Yes, he has a pet zebra (and a killer 'tache)


Your hooligan KTM wasn't AFT Production Bike legal, but now I think it is, do you plan to race it in AFT?

I believe it is legal now, yes. KTM [took it] to some AFT tests this offseason to help AFT work out some new rule changes that are more inclusive. As of right now, I have no plans. But that has more to do with the fact that I don’t have any plans lined up for 2022 yet. I am waiting to hear what Super Hooligans has going on as well as a couple of other things. But I’d love to race it in AFT for sure if circumstances allow me.


What results do you think you could get on it?

Right now, with just stripping off the lead weight I had to add for Super Hooligans, I think I could finish inside the top 10 in Production Twins. If I made some further development with the tuning of the bike and the suspension package, I confidently feel that I would battle for a podium at any of the TT events. The platform is totally capable of winning with the right guy on the bike and the right people setting it all up.


I think a hooligan support class would be great for AFT, what do you think? Perhaps even split it, east and west coast championships to keep competitor costs down.

I think it is a cool idea. I think that would’ve been great had it been executed a few years ago. Once AFT combines Production Twins and Super Twins, I think a hooligan support class could fit appropriately back into their program. Right now, I think it would kind of dilute things, just because then there would be three twins classes, and it would make things more confusing for fans as far as being able to tell bikes and classes apart from each other.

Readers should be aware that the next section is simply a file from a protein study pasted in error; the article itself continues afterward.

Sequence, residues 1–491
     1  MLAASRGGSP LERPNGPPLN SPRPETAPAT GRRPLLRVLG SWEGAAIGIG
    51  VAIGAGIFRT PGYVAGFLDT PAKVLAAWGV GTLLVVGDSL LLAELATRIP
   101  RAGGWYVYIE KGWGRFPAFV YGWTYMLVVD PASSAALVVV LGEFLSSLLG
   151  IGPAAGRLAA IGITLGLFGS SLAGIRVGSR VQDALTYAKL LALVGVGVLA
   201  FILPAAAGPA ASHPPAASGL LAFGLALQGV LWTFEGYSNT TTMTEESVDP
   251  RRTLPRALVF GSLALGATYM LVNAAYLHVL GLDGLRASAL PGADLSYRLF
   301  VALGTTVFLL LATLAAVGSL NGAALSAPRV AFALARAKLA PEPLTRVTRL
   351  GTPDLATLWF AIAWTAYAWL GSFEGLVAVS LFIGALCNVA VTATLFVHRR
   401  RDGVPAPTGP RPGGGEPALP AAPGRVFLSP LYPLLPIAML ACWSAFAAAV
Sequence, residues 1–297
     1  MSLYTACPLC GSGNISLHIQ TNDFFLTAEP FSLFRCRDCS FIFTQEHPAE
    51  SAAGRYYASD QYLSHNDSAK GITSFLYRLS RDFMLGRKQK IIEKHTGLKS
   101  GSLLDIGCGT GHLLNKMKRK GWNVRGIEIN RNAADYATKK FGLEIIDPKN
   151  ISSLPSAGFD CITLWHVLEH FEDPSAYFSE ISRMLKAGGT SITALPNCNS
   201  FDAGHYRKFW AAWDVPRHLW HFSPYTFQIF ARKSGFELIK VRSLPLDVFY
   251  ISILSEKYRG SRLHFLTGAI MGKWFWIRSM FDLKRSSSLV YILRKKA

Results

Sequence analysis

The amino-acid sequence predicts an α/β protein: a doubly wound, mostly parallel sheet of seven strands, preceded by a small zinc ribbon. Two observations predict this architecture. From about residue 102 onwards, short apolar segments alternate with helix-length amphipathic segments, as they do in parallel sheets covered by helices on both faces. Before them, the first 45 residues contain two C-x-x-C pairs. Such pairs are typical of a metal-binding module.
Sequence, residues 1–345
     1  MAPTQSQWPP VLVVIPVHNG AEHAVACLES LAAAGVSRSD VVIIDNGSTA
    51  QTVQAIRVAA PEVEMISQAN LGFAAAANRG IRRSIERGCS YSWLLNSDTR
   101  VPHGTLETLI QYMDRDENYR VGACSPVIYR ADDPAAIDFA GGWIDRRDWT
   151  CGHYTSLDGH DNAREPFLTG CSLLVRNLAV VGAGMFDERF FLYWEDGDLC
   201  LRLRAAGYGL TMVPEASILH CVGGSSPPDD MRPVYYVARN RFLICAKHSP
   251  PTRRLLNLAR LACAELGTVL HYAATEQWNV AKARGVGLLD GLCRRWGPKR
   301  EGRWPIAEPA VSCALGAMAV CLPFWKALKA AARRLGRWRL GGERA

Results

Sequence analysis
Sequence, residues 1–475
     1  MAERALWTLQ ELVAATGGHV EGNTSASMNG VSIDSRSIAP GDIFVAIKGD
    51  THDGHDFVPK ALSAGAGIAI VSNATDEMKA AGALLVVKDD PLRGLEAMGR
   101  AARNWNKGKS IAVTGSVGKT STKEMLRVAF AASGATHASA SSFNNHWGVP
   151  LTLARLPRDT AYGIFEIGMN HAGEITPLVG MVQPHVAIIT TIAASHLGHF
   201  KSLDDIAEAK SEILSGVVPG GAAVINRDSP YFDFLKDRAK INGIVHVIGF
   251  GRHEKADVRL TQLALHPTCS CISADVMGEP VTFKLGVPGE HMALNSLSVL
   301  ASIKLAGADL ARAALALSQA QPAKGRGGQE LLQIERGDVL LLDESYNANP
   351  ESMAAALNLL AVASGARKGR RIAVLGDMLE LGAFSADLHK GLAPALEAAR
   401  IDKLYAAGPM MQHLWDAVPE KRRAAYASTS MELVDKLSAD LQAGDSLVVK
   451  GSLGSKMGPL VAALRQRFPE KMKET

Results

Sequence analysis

Have you heard anything about 2022 SHNC plans?

Rumour is that there are more road races, and still some dirt track races. I don’t know if it will be one big series, or if they will be separated. I kind of hope they are separate championships so that participation is potentially higher, and then they have some sort of combined title for the best Super Hooligan for the guys like me who want to race both. I sure hope rules stay the same, and I can keep doing my thing with the KTM! It is what I enjoy most and it is amazing to have an OEM like KTM involved in my program.


Read about Andy DiBrino's KTM Super Hooligan in Sideburn 43.

Follow him on instagram at @andy_dibrino


#KTM #superhooligan #hooligan #AndyDiBrino #RolandSands